What's the treatment for torticollis?
Treatment of congenital torticollis involves stretching the shortened neck muscle. Passive stretching and positioning are treatments used in infants and small children. Surgical sectioning of the neck muscle may be done in the preschool
years, if other treatment methods fail.
Acquired torticollis is treated by identifying the underlying cause of the disorder. Application of heat, traction to the cervical spine, and massage may help relieve head and neck pain. Stretching exercises and neck braces may help with muscle spasms.
Drug treatments include anticholinergic drugs (baclofen). Injection of botulinum toxin is very effective to temporarily relieve the torticollis, but repeat injections every three months are usually required. Surgical treatments are rarely used. For a subgroup of patients, L-dopa provides effective relief. Denervation of the involved neck muscles may be performed with injection of alcohol or phenol on to the nerve.
Injection of botulinum toxin (BTX) is considered by many to be the treatment of choice. By preventing release of chemical messages from the nerve endings that stimulate the involved muscles, BTX partially paralyzes the muscles, therefore allowing more normal posture and range of motion. BTX treatment lasts several months, and may be repeated.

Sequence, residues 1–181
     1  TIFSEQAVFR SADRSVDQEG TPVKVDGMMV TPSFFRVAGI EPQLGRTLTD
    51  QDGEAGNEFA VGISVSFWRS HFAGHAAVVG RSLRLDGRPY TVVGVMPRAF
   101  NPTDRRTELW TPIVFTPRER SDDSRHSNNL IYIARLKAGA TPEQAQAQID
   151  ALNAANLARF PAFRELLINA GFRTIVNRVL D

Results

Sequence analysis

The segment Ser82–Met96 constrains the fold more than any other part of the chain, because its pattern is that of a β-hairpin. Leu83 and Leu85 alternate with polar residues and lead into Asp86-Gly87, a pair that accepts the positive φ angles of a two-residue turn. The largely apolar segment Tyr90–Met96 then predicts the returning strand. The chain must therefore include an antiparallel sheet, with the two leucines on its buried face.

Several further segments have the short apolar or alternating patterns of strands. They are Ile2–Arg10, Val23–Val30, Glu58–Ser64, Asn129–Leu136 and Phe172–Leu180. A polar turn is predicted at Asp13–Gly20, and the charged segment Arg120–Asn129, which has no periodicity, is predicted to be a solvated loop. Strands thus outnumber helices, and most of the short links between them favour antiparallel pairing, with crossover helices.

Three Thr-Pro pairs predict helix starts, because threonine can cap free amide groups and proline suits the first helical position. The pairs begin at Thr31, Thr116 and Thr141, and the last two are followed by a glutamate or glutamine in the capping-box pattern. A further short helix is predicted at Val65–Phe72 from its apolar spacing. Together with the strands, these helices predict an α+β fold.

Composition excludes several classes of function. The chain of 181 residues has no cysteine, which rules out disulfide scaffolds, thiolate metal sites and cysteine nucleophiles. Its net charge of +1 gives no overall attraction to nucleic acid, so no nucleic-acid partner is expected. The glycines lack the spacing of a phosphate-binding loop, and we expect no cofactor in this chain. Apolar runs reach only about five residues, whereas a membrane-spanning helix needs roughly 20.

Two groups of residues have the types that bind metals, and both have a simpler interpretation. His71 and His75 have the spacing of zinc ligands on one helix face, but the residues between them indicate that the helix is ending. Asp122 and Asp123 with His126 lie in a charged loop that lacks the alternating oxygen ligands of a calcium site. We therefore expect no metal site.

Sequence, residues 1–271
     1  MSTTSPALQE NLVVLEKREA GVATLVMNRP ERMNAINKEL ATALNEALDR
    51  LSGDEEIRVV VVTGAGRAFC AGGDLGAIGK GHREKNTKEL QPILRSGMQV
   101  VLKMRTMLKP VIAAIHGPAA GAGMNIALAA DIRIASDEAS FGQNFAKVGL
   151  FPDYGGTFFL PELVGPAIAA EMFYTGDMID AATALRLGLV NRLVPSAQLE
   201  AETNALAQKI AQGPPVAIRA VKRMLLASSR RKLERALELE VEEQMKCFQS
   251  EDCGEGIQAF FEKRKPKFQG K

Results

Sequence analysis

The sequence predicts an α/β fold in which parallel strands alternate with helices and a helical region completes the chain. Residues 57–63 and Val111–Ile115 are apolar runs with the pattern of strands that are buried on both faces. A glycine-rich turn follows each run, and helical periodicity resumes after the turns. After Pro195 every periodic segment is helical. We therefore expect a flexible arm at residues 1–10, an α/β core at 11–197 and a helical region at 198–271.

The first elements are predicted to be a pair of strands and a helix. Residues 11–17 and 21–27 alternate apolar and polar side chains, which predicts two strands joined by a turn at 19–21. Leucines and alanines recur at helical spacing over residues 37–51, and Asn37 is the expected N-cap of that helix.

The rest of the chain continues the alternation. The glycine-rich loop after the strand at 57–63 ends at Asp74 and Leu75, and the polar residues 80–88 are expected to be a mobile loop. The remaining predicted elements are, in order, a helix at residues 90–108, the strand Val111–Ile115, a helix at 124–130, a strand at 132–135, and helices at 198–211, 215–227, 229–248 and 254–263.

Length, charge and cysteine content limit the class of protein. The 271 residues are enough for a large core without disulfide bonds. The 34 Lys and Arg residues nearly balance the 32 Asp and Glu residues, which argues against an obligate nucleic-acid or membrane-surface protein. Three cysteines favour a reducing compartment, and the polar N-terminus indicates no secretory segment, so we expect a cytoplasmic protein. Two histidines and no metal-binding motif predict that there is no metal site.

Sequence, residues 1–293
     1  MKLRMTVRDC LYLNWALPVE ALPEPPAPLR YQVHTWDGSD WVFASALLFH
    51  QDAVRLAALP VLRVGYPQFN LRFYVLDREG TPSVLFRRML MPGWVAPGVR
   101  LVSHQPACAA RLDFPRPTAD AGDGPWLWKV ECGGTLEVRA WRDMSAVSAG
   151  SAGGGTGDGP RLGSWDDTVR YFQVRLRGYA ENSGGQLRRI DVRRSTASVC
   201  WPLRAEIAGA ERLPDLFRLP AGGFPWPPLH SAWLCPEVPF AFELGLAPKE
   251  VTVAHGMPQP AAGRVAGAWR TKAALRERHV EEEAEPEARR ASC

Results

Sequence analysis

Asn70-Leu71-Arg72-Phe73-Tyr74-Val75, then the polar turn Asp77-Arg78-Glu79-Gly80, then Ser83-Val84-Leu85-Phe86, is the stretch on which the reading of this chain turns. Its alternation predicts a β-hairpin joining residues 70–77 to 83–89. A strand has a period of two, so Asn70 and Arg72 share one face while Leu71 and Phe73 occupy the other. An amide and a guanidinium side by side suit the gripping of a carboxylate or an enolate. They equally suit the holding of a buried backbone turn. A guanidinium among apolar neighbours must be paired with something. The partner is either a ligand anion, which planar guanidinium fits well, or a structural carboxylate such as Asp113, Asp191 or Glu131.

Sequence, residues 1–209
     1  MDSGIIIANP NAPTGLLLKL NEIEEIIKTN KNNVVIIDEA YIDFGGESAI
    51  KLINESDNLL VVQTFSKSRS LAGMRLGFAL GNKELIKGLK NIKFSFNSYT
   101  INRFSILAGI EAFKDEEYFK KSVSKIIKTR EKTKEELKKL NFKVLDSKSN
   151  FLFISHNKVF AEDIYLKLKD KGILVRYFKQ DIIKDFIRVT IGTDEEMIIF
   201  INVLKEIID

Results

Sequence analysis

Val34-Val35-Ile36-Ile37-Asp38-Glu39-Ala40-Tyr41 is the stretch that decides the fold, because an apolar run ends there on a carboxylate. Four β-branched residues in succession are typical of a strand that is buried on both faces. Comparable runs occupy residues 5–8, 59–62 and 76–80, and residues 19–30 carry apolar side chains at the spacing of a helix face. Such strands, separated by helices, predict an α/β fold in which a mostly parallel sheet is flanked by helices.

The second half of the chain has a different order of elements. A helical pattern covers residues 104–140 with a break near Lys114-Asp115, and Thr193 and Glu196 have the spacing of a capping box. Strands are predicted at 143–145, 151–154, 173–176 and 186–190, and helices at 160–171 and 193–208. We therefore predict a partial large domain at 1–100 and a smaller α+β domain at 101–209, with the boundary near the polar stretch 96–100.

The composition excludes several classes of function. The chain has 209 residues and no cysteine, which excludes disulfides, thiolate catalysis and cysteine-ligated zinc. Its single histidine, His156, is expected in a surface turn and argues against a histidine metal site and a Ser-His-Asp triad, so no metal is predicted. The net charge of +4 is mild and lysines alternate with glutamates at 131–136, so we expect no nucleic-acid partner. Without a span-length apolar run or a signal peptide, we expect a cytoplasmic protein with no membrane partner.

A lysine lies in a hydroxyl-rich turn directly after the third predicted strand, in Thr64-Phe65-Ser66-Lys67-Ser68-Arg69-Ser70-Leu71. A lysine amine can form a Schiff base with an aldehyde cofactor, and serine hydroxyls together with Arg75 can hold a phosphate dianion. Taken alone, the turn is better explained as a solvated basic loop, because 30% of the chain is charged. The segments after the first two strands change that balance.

Physical therapy can help relieve secondary consequences of torticollis. Regular muscle stretching prevents contracture, or permanent muscle shortening. Pain and spasm may be temporarily lessened with application of heat or ice. Stress management techniques may help prevent worsening. An occupational therapist can suggest home or work modifications to reduce fatigue and improve function. Braces constructed to replace the patient's own sensory tricks may help reduce abnormal posture.